Learning how to make a plan before diving into a project is an invaluable skill that will benefit your students throughout their lives (it's something I'm still working on myself!). Before handing over any project materials for making store products, have your students work with their team to draw a detailed plan or build a prototype out of inexpensive materials. That way, when you hand over the real supplies for creating the products to sell, your students will have a clear end goal in mind. This also helps to resolve disputes about product designs before they even start!

6. Create a Final Product
Now the fun part: give your students time to create their final products! Don't be shy about asking for help from parent volunteers, and I would recommend distributing only a few supplies at a time. For example, if you have a group painting toy cars, don't give them all 20 cars at once. Give them just a few to work on initially so that there is a higher quality of workmanship. Discuss with your students the importance of offering quality products in your store.

7. Share Learning with the Community
After all of that work developing businesses, you'll be ready to celebrate! As a culmination of the project, host a market on your school campus to sell the products the students made. Again, don't be shy about recruiting volunteers! After the market, help your students calculate their earnings, pay back their loans, and use the profits to buy a cow for a family in the developing world.

8. Reflect on Learning
A final, and critical, component of Project-Based Learning is allowing your students to reflect on their experiences. Remember, you built in room for failure, and your students learned a lot through the process of fixing those mistakes or revising their plans. That's the whole point of Project-Based Learning. This reflection step will solidify for your students what they would like to do differently when you take on your next big project together as a class.

Do you feel ready to get started? If you are looking for a resource to make your first experience with Project-Based Learning a breeze, I have good news! I've included ALL of the printable materials you'll need for this project, as well as a more detailed daily pacing guide, in my Marketplace Economics packet. Click here to see more!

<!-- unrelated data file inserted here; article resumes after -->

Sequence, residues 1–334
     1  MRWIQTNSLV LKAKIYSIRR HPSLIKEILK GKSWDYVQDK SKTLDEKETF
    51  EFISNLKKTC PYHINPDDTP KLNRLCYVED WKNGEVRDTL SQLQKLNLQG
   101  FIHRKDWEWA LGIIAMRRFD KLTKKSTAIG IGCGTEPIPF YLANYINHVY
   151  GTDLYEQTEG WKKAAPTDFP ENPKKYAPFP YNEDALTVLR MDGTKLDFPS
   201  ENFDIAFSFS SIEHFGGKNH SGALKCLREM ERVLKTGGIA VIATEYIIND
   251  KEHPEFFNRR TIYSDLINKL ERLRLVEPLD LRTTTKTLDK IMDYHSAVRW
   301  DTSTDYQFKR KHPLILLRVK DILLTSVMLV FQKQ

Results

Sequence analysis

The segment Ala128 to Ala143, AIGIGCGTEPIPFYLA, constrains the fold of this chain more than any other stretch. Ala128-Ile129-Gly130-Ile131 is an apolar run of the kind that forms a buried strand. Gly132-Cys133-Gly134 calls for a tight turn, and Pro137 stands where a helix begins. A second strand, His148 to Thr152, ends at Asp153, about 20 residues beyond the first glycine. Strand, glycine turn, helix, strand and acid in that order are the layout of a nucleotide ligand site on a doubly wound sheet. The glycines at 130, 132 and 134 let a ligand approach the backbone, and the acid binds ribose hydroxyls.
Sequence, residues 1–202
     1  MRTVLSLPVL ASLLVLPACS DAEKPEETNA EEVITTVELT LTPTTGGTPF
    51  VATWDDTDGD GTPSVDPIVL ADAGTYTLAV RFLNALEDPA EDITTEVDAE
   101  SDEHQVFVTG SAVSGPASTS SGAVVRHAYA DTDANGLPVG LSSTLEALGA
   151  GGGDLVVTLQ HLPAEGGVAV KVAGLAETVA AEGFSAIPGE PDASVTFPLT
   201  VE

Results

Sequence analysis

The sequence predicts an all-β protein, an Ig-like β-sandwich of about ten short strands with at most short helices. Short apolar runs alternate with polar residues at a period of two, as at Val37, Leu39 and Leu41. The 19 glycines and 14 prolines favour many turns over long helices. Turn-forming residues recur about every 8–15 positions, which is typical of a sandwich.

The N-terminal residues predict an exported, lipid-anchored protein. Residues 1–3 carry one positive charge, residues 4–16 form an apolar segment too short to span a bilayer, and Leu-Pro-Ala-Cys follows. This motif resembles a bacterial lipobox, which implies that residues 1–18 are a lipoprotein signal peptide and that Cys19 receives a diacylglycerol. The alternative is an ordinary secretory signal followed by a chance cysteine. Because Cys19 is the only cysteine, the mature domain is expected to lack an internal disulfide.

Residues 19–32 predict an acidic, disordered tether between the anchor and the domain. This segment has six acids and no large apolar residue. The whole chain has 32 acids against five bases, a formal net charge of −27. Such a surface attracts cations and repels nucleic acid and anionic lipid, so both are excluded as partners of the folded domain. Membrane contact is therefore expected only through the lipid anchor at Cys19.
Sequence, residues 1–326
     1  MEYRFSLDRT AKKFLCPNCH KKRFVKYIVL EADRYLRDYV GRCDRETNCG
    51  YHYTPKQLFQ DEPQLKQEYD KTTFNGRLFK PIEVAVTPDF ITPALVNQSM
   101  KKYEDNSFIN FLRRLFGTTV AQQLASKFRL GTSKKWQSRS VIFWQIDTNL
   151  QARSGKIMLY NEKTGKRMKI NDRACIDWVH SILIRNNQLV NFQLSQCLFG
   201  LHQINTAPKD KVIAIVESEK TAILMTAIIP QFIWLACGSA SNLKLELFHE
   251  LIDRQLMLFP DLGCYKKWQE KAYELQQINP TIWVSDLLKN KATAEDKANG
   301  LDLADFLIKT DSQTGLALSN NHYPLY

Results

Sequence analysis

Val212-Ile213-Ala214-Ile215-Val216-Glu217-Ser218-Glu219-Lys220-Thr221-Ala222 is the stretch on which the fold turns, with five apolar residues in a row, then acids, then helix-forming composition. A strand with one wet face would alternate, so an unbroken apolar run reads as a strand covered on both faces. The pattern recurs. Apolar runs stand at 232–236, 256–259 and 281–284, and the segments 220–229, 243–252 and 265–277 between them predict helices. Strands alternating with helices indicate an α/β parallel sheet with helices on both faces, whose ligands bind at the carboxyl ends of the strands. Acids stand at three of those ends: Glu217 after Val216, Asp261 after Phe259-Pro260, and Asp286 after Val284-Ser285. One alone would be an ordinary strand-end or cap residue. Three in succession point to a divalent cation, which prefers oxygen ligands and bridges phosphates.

Project Based Learning in the Primary Classroom: Part 1

Over the past few weeks, I've been working on a Project-Based Learning task with my students. Working in groups, the students have developed business models, created budgets, filled out loan applications, met with loan officers, developed an advertising campaign, and placed purchase orders for company supplies. They've corresponded by email with their loan officers and tracked their work in business portfolios. They've presented their business plans to leaders in our school community, and are preparing for production when we get back from spring break.

My students are seven and eight years old. They don't even have all of their teeth yet.

It sounds unbelievable, but I promise--it's true. 

If you haven't experienced Project-Based Learning in your classroom, I can't WAIT to share all about it with you, and how I make it come to life for my second graders. I won't lie--it's a lot of work. However, teaching in and of itself is a lot of work, and I've actually found that committing to one large project is a far better use of my time, effort, energy, and resources than planning 25 separate, smaller, unrelated activities.

Over the next couple of weeks, I want to share about how to practically apply Project-Based Learning in a primary setting, and give you the tools and resources you need to make it happen in your classroom, too. Before I dive in to the specifics of the project we're currently working on, I want to outline some of the core principles of Project-Based Learning and some of the practical first steps you need to consider before you write even a single lesson plan.

Project-Based Learning is an instructional strategy defined by several key components. First, students need to have a real-life problem that they are trying to solve. This is written in the form of an essential question. All lessons and learning activities are tied to this essential question, and the question helps to focus the unit of study. This leads to the next component of Project-Based Learning, inquiry. Project-Based Learning allows for open-ended exploration of the essential question. This means that students working in groups might all come up with slightly different answers to the essential question, and that's okay. This also means that students might fail at first, and that's okay, too. A final characteristic of Project-Based Learning is that the project is integrated into all content areas over a long period of time, and eventually the project is shared with others.

Project-Based Learning is NOT one day of lessons, and it's not even a set-aside part of the day. Instead, your reading, writing, grammar, science, social studies, and math lessons ALL point back to the essential question, and help students in one way or another to move forward in their project.

Where is the teacher in all of this? The teacher is a guide and facilitator, but not the source of all knowledge. Of course, direct instruction will be involved, but there's a huge, collaborative problem-solving component woven into the instruction, as well.